community environments ( O’Dea 91). Non-profit organizations that create awareness and are
dedicated to building self-esteem, are a great source of getting the word out. Except the only
down fall is that not many people know about organizations, and many will not go out of their
way to learn about the dangerous of the effects of the media of young adolescents. Treating the
problem as if it were a bullying problem in schools, can actually help create a stigma over all
factors that correlate to the best way to address the problem is before it becomes aggressive of
the early stages of it. Public school should have a choice for a program that will be beneficial
towards the students in both academic and personal behavior. Offering this anti-low self-esteem

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in middle school, since it is around this time that young adolescents start developing body image
concerns.
Public schools should have the anti-low self-esteem program around the same time
pubertal education is taught since body image concerns is accompanied with puberty. The
changes a young adolescent will have during this stage of development play a significant role
with self-esteem and body image. In a study conducted by Irena Stojkovic compares adolescents
in Western ideals and Serbia, during pubertal timing and self-esteem in adolescents. Body
appearance preferences have not been investigated empirically in Serbia. Adolescents in this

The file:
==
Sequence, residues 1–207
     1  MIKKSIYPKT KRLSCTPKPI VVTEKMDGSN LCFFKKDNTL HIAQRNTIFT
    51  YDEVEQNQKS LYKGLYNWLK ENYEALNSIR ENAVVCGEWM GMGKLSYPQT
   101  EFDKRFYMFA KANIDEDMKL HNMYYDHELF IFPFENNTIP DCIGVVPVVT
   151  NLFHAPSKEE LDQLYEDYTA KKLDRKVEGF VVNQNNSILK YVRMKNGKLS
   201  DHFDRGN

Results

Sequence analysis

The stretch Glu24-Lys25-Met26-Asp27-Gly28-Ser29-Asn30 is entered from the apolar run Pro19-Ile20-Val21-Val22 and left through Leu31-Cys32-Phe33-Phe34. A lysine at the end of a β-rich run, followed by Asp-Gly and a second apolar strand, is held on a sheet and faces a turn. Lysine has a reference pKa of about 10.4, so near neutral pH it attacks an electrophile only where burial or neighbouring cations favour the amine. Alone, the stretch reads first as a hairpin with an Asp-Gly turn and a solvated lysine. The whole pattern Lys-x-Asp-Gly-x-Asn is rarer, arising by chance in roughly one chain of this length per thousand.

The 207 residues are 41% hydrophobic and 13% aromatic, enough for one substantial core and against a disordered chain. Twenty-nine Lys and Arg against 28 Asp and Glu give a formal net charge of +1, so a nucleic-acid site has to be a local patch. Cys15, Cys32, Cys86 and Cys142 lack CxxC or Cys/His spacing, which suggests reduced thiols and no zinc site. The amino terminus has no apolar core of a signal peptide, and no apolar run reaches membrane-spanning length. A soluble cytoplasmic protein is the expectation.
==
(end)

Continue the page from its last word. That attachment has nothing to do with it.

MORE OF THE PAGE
country are exposed to a large extent to western media, which promote ideal of thinness for
women. However, we assume that pressure of beauty industry to pursue this ideal might be less
strong in Serbia than in more affluent countries of North America and Western Europe.
Consequently, adolescent girls in Serbia might be protected, from developing a negative body
image due to weight gain in puberty (372). Not only would the anti-low self-esteem program
teach adolescents the dangerous of media exposure but also be taught media literacy. Teaching
adolescents the media tricks and techniques that it uses against body image and self-esteem.
Youth also need to be aware of power of the media and learn how to view media with a critical
eye. Media literacy skills can be taught to young children and continue to help youth make their
way through the life-long sea of media they will encounter. Once young people learn about overt
media tactics, they are empowered and can experience media in a different way (Croll 164).
Teaching adolescents the principles that everyone is beautiful just the way they are, and the true
intentions of the mass media and advertisements. Can greatly help the young adolescents overall
self-worth that can ultimately help them academically and socially. It is not enough for just
schools touch on the subject but also the overall population, they should be made aware of

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excessively altered images have a penitential harm in low self-esteem amongst young
adolescents as well.
Photo altered images have an impact on adolescents whether it is advertisements or social
viewing. The anti-low self-esteem will address these issues and create awareness on excessive